Re: [Asrg] C/R Thoughts: Take 1

Kee Hinckley <nazgul@somewhere.com> Sat, 17 May 2003 00:32 UTC

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To: Eric Dean <eric@purespeed.com>
From: Kee Hinckley <nazgul@somewhere.com>
Subject: Re: [Asrg] C/R Thoughts: Take 1
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Date: Fri, 16 May 2003 20:07:10 -0400

At 7:02 PM -0400 5/11/03, Eric Dean wrote:
>-Subject header: Should the original subject header be preserved or a new
>subject header be sent.  C/R systems might avoid C/R loops using a
>convention.

Having recently tried to communicate with a customer who is using 
SpamArrest, I have a strong opinion there.  You *must* preserve the 
subject.  SpamArrest almost gets it right.

1. Customer sends mail to our support staff.
2. Our support system replies, with a ticket in the subject.
3. SpamArrest replies with the ticket in the subject.
4. The SpamArrest message gets properly placed in the correct support queue.
5. Support person clicks on link.
6. Customer gets our auto-reply.
[Here's where they blow it]
7. SpamArrest sends a confirmation message telling us that the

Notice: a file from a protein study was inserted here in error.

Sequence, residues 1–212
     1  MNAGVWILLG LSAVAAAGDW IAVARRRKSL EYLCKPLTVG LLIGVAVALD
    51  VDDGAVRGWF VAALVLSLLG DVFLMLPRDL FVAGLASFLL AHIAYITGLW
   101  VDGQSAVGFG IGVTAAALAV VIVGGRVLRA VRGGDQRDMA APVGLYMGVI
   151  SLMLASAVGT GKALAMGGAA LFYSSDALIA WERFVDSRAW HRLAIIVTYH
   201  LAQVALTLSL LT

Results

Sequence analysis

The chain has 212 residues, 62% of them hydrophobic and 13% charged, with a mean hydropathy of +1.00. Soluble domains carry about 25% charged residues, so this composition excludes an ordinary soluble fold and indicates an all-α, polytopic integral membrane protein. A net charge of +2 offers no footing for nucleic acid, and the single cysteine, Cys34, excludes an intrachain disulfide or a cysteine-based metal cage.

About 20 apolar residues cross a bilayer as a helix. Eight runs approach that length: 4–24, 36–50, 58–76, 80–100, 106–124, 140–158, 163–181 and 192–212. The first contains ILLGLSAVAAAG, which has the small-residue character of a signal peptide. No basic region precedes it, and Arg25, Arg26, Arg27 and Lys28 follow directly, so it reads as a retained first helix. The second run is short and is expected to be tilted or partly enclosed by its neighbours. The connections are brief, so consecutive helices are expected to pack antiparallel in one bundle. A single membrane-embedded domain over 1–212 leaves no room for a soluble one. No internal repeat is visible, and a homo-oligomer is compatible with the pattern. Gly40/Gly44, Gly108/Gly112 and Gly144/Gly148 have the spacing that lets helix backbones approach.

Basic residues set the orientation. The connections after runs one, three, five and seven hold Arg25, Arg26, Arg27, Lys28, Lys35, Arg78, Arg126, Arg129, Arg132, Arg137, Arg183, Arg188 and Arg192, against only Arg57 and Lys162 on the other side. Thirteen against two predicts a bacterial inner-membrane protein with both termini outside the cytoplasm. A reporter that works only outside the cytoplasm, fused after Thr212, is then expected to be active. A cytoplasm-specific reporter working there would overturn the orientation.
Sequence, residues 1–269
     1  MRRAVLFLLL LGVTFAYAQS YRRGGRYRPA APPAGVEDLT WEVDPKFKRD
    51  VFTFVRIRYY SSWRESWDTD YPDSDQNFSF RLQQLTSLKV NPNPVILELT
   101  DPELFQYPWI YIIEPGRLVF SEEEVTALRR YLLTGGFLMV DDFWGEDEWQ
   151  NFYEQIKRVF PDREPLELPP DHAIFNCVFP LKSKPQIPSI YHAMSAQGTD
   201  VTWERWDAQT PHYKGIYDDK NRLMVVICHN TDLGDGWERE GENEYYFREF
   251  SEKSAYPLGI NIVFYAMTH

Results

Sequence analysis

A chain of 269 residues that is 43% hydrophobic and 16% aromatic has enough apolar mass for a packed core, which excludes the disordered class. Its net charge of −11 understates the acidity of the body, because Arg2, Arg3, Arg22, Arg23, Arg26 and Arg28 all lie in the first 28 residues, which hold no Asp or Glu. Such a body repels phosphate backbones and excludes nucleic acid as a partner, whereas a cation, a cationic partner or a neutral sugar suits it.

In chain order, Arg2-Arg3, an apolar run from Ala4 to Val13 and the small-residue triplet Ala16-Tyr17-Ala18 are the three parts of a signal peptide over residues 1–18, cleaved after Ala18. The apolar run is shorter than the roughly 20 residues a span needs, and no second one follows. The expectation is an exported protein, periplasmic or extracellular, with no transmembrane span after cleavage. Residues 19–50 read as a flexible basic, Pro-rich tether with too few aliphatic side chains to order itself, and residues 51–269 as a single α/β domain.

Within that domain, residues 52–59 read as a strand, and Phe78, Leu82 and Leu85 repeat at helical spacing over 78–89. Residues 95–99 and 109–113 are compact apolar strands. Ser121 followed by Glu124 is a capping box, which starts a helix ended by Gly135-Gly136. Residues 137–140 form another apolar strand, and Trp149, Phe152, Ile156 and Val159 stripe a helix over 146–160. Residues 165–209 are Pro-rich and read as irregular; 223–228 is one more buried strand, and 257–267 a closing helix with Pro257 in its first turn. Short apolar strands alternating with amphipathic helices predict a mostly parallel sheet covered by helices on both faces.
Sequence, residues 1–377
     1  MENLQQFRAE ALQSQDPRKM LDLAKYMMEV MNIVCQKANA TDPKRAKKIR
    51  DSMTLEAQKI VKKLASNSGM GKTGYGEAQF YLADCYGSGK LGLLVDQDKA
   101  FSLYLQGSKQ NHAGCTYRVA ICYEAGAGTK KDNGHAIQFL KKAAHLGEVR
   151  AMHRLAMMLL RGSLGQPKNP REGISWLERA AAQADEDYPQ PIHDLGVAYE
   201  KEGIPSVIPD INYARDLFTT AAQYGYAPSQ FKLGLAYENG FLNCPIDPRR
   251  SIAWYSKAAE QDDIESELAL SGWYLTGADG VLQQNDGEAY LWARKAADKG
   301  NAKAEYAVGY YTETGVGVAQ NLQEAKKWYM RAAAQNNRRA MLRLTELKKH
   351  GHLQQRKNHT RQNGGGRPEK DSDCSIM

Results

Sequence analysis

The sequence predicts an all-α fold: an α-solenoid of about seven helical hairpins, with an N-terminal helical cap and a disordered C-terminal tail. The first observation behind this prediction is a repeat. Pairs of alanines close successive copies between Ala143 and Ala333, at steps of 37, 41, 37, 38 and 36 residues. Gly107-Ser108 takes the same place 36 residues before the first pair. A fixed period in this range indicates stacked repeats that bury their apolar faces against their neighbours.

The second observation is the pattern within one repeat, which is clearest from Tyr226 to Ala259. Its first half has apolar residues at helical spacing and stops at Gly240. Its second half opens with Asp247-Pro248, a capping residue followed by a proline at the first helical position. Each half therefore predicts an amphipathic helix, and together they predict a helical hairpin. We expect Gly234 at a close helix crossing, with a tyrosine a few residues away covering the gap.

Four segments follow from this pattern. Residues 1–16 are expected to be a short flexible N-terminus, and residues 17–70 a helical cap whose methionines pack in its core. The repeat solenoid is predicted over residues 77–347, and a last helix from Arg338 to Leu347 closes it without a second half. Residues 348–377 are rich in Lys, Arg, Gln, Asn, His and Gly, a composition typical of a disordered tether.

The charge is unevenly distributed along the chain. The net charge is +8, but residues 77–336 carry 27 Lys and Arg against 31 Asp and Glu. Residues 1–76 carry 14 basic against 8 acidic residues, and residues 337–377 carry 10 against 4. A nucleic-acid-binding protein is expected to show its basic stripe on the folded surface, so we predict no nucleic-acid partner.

message got through.  It doesn't have the same subject.  It doesn't 
even have any information in the body telling us *which* message go 
through.  (Frankly, this "confirmation" message looks a lot more like 
an Ad to me than anything else.  There was no need for it--I got the 
same information when I clicked on their web site.)
8. We create a new ticket and send an auto-reply.  *This* one goes to 
SpamArrest's support, since that was the from address.
9. SpamArrest support sends us a challenge.
10. The challenge goes into the new queue.
11. Our support person clicks on the link to validate the message.
12. SpamArrest support gets our message.
13. Our support person sends them a nasty-gram :-).

Needless to say, this increases the cost of our customer support.

 From it, I get the following feelings.

1. C/R systems should preserve subjects through the process.  They 
can add to them if they want, but the original should be there.
2. C/R systems need to have a standard way of identifying themselves 
as such.  This avoids loops, and it let's us shunt them into an 
appropriate handling queue.
3. As I've said before--any system that requires you to do something 
other than just reply (e.g. read a graphic) needs to meet 
accessibility standards.
4. If you have a web based confirmation system, you should also have 
an email-based one.  The fact that I can send you email does not mean 
that I can access your web site.  (Think China, think road-warrier, 
think third world.)
-- 
Kee Hinckley
http://www.messagefire.com/          Junk-Free Email Filtering
http://commons.somewhere.com/buzz/   Writings on Technology and Society

I'm not sure which upsets me more: that people are so unwilling to accept
responsibility for their own actions, or that they are so eager to regulate
everyone else's.
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